Special Operation 85 was produced in direct response to the US game Assault on Iran. Metadata and discourse analysis of Special Operation 85 provides a particularized cultural moment and memory for the makers of the game. The game is a first-person shooter with eight levels developed by Ali Reza and produced by the Association of Islamic Unions of Students in Isfahan, Iran. The game begins with US military forces capturing Iranians during a pilgrimage. The player must kill US and Israeli soldiers while playing the character Bahram Nasseri. Although the VGMS allows only three themes, Dublin Core’s metadata schema offers more controlled vocabulary through its tagging option which I follow instead of fully complying with the VGMS schema. For the Omeka game tags, I use espionage, martyrdom, and Sacred Defense to describe the game, in lieu of VGMS controlled vocabulary themes of sacrifice, violence, and martyrdom. I find that the more relevant the tagging of cultural data the better that data explains the game’s actual content. Special Operation 85 is thematically soft war, as I argue that it was made with the intent to dispute the representation of Iranians in the US game Assault on Iran (2005). After collecting the metadata as a form of distant reading, a close reading of the narrative content suggests that the discourse of Sacred Defense is in continuity to multi-discursive and non-discursive facets within the Iranian game industry’s soft war strategy. To further elucidate, the discourse of Sacred Defense obeys certain rules and requires concretizing the historical memory and current global relations. Yet, the meaning of Sacred Defense has become not only a social process, but a concept transformed by the transition and effects of wider processes for a particularized social meaning (Fairclough 52). For example, Special Operation 85 takes place in Iraq; Iranians were imprisoned on their way to Karbala by US soldiers. In restoring the cultural memory of the Iran–Iraq War and simultaneously the current issues with US–Iranian relations, the game is thus “born out of multiple determining elements” in which a game is not merely a product, but rather several effects fostered by a specific political landscape (Foucault, Politics 64). As such, the game has historical yet felt memory invoked in its narrative based on a collective understanding of martyrdom during the Iran–Iraq War and a powerful expression of its own mythological destiny of exceptionalism (Payne 8). While Sacred Defense in the game embodies the hope and religious values of ESRA by reinvigorating the Iran–Iraq War and how Iranians stood bravely against the nation’s enemies in the name of preserving the foundations of Islam, the driving force to make Special Operation 85 is also a countermeasure of soft war towards the US. In other words, the cultural industry of games in Iran constitutes a part of the Iranian authorities’ soft war strategy to evoke the memory of martyrs in video game content (Akhavan 64, 65). Yet, at the same time, the game industry becomes a mouthpiece for the state to curtail the flow of information into Iran from the United States by producing disinformation and curating a state narrative based on Iranian imperial legacy as well as counterfactual and historical data (Cohoon 1). The video game propaganda machine seeks to regulate emotions and feelings of users, which also falls under ESRA. If the game industry seeks to prevent hopelessness, then it employs mechanisms of hope through nationalistic paradigms. When placed in context with the signifiers and significations of the post-Iran–Iraq war, it becomes clear that Special Operation 85 is intimately linked to the metaphoric embodiment within political consciousness among everyday Iranians (Saramifar 133). In this sense, cultural memory is as much about multimedia engagement as it is a particularized political consciousness. Deviations from the norm would not be supported. A game where the US is the exceptional would not have its place in Iran because the soft war agenda of Iranian authorities prohibits such adverse accounts.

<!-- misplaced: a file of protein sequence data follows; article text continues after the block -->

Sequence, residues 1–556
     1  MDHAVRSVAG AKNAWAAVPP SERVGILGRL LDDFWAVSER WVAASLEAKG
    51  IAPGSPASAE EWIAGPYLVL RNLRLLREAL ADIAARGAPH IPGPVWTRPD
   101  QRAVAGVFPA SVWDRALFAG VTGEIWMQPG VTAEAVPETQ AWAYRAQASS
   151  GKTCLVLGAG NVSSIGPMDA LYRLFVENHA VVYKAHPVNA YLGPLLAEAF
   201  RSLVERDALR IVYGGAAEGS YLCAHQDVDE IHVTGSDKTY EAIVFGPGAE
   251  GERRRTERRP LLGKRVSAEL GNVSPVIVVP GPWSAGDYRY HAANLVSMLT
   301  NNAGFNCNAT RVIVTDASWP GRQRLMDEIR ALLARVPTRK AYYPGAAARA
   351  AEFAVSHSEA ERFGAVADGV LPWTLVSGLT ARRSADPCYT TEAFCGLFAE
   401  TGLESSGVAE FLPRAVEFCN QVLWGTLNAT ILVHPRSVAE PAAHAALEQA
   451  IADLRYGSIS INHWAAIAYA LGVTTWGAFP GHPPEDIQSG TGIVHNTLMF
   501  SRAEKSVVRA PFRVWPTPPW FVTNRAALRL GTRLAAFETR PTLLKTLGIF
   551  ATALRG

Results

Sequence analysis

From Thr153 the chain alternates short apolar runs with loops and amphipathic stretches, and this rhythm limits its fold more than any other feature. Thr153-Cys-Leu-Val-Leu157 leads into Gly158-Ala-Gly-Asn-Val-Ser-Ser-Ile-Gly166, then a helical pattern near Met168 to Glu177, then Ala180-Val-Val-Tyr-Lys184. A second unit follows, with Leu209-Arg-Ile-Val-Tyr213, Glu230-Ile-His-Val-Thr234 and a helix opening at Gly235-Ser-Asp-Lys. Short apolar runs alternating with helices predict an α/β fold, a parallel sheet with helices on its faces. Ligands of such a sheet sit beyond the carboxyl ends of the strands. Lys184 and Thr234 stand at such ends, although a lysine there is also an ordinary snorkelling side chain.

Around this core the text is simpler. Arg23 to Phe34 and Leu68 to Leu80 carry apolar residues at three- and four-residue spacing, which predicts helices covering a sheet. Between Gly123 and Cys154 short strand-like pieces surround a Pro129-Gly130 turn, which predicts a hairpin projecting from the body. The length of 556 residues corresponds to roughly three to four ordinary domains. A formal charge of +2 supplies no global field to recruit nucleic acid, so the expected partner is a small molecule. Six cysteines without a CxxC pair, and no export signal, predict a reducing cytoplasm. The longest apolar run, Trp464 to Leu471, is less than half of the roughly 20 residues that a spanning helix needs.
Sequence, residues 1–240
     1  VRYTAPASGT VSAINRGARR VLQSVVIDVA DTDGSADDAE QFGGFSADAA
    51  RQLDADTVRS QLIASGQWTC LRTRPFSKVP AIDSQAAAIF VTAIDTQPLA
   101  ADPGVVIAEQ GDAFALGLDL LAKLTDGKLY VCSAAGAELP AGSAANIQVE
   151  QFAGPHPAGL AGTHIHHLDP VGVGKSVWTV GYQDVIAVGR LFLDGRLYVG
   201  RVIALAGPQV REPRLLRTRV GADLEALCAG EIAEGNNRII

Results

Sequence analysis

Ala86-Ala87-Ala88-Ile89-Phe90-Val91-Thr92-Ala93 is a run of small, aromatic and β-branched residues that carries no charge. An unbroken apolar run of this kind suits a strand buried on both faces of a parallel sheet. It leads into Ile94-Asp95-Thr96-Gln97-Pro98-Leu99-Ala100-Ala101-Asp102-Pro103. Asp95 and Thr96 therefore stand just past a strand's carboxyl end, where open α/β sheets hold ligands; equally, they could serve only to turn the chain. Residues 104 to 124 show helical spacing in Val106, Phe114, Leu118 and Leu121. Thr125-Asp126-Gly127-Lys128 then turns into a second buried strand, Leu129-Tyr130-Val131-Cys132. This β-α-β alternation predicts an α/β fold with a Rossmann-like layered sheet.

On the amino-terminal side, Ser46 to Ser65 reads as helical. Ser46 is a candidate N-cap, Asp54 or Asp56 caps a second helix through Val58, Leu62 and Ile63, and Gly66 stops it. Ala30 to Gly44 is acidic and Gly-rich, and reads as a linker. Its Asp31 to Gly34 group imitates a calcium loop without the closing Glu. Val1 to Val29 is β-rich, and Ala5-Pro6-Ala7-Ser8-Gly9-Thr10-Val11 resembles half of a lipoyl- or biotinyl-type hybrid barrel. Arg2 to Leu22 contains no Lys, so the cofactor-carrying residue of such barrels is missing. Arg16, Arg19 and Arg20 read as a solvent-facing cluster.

Games are derived from a particularized cultural context as they are culture in the making. Although Special Operation 85 depicts Sacred Defense through a transformative lens whereby the term invokes not just the martyrdom of the Iran–Iraq war but martyrdom of Iranian and US political conflict, The Flight of Dowran takes a more traditional discourse approach to the meaning of Sacred Defense. The game is an air battle simulation with motion comic narrative. The player takes the perspective of an Iranian Air Force pilot completing aerial attacks on the southern borders of Iran, Kharg Island, Abadan, the mountains of western Iran, Paweh, Majnoon Island, Basra, and Qasr-e Shirin. The Iranian government in the game essentially calls for battle essentially against Iraq as Saddam Hussein sought to conquer Tehran, calling the Iranian Air Force cowards. Described as a story of courage against formidable Iraqi foes, the interactive nature of the game subjects the player to Sacred Defense by having them experience enemy infiltration. Developed by RSK Entertainment and Strategy First in Tehran, Iran, the game’s narrative is modeled on Sacred Defense as it emphasizes war and resistance to Iraq, implicating Iraq as both the foe and the other meant for conquering while corresponding itself to the official discourse of soft war. Since it is the goal of the Iranian authorities to use game narratives to reinvigorate the Iran–Iraq war, it becomes re-articulated in the minds of the player by evoking Iranian–Islamic national identity and then linking political consciousness of the past to the present through the dynamic of soft power. Despite having only two hours of gameplay, the game content in The Flight of Dowran does the work of the Iranian state by utilizing the tactic of soft power by serving the overarching goal of soft war as it operates as an ideological campaign linked to the politics of control, or in other words, involving historical memory in curated game content seeks to contain and persuade the player of Iran as a bastion of Persian culture thwarting potential conquerors while seeking to prevent the spread of foreign ideas into Iran.